How To Implement Basic Authentication For MVC WebApi Application

Recently I started working on a MVC WebApi project. We decided to use Basic Authentication as our authentication mechanism between client and server. Yes, I am aware of the fact that Basic Authentication mechanism is not the greatest and most secure mechanism. But for the conditions under which communication is going to take place, this was simplest authentication mechanism to get the ball rolling. Later on, we will look at more secure mechanism based on claims and assertions (SAML2 etc.).

What is Basic Authentication

You can read more details about basic authentication mechanism on w3.org site. In most simplest terms, for basic authentication to work a client application puts login credentials in Authorization header. The credentials are specified as Base64 encoded key-value pair. Following is an example that shows how this header may look like

Authorization: Basic QWxpZGRpbjpvsGVuIHNlc4FtZQ==

Client code to send basic authentication header

Before go ing deep into how server side MVC WebApi will handle authentication and authorization for basic authentication mechanism, i will show you some client side code that used to set the credentials in requests that are being made to a MVC WebApi from another MVC web application.

public static void SetBasicAuthentication(HttpClient client, string username, string password)
{
    var bytes = System.Text.Encoding.ASCII.GetBytes(string.Format("{0}:{1}", username, password));
    var encodedCredntials = Convert.ToBase64String(bytes);
    client.DefaultRequestHeaders.Add("Authorization", string.Format("Basic {0}", encodedCredntials));
}
    

As you can see from the code about how key-value pair for credentials is being constructed and set in the header.

Custom AuthorizeFilter in MVC WebApi

Now we will look at what do we need to do on server side to authenticate and authorize a request. First it is important to know what for Web Api, AuthorizeAttribute needs to be used from System.Web.Http namespace and not from System.Web.Mvc namespace. If you will decorate your controller with System.Web.Mvc.AuthorizeAttribute, framework will ignore it.

First step would be to create a custom authorization class that derives from System.Web.Http.AuthorizeAttribute. Then override OnAuthorize method to implement your authentication and authorization. If request is not authorized then you will set appropriate HttpResponseMessage in context and framework will return 401 status code back to client with whatever reason phrase you set in response. Following code from my application shows how this is implemented.

 public class PartnerAuthorizeAttribute : AuthorizeAttribute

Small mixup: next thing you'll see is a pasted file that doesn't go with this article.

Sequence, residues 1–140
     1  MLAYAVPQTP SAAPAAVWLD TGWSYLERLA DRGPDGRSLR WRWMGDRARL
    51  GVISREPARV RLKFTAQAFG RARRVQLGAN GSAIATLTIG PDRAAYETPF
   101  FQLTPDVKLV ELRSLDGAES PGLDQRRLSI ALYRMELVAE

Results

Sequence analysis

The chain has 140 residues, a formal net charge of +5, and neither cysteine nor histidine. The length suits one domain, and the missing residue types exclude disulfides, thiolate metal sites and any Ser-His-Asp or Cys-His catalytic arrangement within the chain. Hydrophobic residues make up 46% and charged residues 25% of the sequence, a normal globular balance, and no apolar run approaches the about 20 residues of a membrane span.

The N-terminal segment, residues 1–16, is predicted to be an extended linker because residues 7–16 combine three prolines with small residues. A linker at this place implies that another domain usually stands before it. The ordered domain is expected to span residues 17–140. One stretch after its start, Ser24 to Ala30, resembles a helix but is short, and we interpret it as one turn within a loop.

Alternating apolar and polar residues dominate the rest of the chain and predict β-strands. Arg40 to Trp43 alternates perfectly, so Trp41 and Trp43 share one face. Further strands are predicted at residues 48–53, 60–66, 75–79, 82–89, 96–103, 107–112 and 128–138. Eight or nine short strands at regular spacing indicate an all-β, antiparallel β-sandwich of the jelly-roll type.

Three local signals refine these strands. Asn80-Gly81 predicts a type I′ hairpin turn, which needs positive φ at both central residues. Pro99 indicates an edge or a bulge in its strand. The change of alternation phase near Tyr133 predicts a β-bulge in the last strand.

{
    public override void OnAuthorization(HttpActionContext actionContext)
    {
        if (!AuthorizeCore(actionContext))
        {
          actionContext.Response = new System.Net.Http.HttpResponseMessage()
          {
            StatusCode = System.Net.HttpStatusCode.Unauthorized,
            RequestMessage = actionContext.Request
          };
          actionContext.Response.Headers.Add("WWW-Authenticate", 
              "Basic realm=\"Trader Service\"");
          actionContext.Response.ReasonPhrase = "Unauthorized request";
        }
   }

   private bool AuthorizeCore(HttpActionContext actionContext)
   {
      // Check if Authorization header is present.
      var authHeader = actionContext.Request.Headers.Authorization;
      if (null == authHeader ||
          string.IsNullOrWhiteSpace(authHeader.Scheme) ||
          authHeader.Scheme != "Basic" ||
          string.IsNullOrWhiteSpace(authHeader.Parameter))
      {
        return false;
      }

      // Get login credentials.
      var encodedCredentials = authHeader.Parameter.Replace("Basic ", "");
      var credentialBytes = Convert.FromBase64String(encodedCredentials);
      // Basic authentication header has login as "username:password" pair.
      var credentials = System.Text.Encoding.ASCII.GetString(credentialBytes).Split(':');
      if (credentials.Length != 2)
      {
          return false;
      }
      var login = credentials[0];
      var password = credentials[1];
      var membershipProvider = new MembershipProvider();
      return membershipProvider.ValidatePartner(login, password);
  }
}
    

Set attribute on controller

Now we have only one last step left to get your WebApi controller to enforce basic authentication. Decorate controller with this custom attribute. Once the attribute is set on method, each request for controller will be authorized by your custom implementation.

 [PartnerAuthorize]
 [HttpPost]
 [RequestValidationFilter]
 public HttpResponseMessage PostSettings(SettingsRequestParameters requestParameters)
 {......}
    

I hope this provides you some insight into how to implement custom authorization for your MVC WebApi requests.

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